The Lexington Opera House's 2013-14 Broadway Live season will open with one of the series' greatest successes and will close with a show that is up for the Tony Award for best musical.
OK, Bring it On: The Musical isn't going to win the Tony. But its inclusion marks a milestone for the series, which has edged closer to current Broadway programming each year.
Opera House general manager Luanne Franklin says the stronger lineups of shows are a direct result of the series' programming strategy in recent years.
"Because we program on weekends with five shows each, we're in a stronger position to book the best shows available to us," Franklin says.
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The season will include the 2010 Tony Award winner for best musical, Memphis, one half of a double shot of Tennessee's Mississippi River town. Before Memphis rolls in Feb. 14 to 16, the Opera House will present Million Dollar Quartet, a show about a jam session at Sun Studios with Elvis Presley, Jerry Lee Lewis, Carl Perkins and Johnny Cash, on Jan. 10 to 12.
This season will return to offering a play, sans musical numbers, with The Miracle Worker, March 14 to 16. The season will open Nov. 8 to 10 with the Equity tour of Chicago. All actors in the show are members of Actors Equity, the stage actors union. That tour last stopped at the Opera House in 2005 and is remembered as one of the best productions on the series.
Equity tours are a feather in the cap of the series, but Franklin says she sees plenty of strong talent in non-Equity tours that she considers when selecting Broadway seasons.
"Non-Equity shows play primary markets now," Franklin says, meaning larger cities including Cincinnati and Louisville.
Another trend Franklin has particularly liked the past few years is more shows that are attracting younger patrons, including The Addams Family this season and Spamalot a few years ago.
She expects Bring It On, based on the 2000 Kirsten Dunst cheerleading movie, to have similar appeal.
The Tony Award nomination shocked even the show's producers. The Broadway production closed at the end of last year, and nominees are usually running during the springtime Tony nomination season. Kinky Boots, the stage version of the 2005 film about an Irish shoe company that avoids bankruptcy by making flashy, trashy boots for drag queens, is widely expected to get the Tony this year.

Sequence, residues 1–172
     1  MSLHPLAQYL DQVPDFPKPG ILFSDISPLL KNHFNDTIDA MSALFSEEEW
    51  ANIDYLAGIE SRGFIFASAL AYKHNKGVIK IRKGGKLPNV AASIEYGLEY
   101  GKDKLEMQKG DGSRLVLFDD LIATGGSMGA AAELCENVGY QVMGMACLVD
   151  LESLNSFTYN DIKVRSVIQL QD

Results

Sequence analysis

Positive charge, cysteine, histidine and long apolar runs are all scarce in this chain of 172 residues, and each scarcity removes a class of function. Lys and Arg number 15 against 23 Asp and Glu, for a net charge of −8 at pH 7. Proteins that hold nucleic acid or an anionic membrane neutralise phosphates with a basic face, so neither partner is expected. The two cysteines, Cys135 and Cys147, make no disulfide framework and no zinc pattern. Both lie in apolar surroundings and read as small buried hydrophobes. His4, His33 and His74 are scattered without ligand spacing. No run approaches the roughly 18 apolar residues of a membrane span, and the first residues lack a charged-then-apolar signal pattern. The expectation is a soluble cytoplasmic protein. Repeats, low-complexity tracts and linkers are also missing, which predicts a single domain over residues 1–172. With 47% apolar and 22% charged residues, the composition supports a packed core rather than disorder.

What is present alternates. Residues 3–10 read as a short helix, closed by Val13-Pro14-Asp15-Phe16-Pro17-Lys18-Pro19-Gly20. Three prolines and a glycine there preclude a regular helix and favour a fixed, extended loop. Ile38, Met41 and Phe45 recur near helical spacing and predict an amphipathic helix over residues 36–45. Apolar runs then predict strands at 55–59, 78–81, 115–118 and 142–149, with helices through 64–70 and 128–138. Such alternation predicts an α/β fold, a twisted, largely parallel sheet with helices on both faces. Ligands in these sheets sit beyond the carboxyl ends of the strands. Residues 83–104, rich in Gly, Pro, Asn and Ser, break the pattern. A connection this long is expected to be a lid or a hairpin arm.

Franklin says she suspects that the Bring It On tour came together so quickly because competitive cheerleaders make up a lot of the cast.
Season tickets are on sale now, and Franklin says that they generally offer a savings of at least 20 percent over single tickets. Season packages start at $168. Single tickets for Broadway Live presentations have frequently topped $100 in recent seasons.
The Opera House also is touting a Broadway Live subscription as a chance to be among the first to buy tickets to a few attractive shows outside the Broadway series next season, including a Nov. 22 appearance by Mannheim Steamroller with Chip Davis at the Opera House, and the Lexington Center Museum's presentation of Titanic, the Artifact Exhibit, opening Oct. 5.
IF YOU GO
Broadway Live 2013-14
What: The Lexington Opera House's annual series of touring versions of hit Broadway shows.
■ Chicago, Nov. 8-10
■ Million Dollar Quartet, Jan. 10-12
■ Memphis, Feb. 14-16
■ The Miracle Worker, March 14-16
■ Bring It On: The Musical, April 11-13
Show times are 8 p.m. Fri., 2 and 8 p.m. Sat., 1 and 6 p.m. Sun.
Where: Lexington Opera House, 401 W. Short St.
Tickets: Season tickets are $168-$324. Call (859) 233-3535 or go to the Lexington Center Ticket Office. Single tickets go on sale Aug. 29.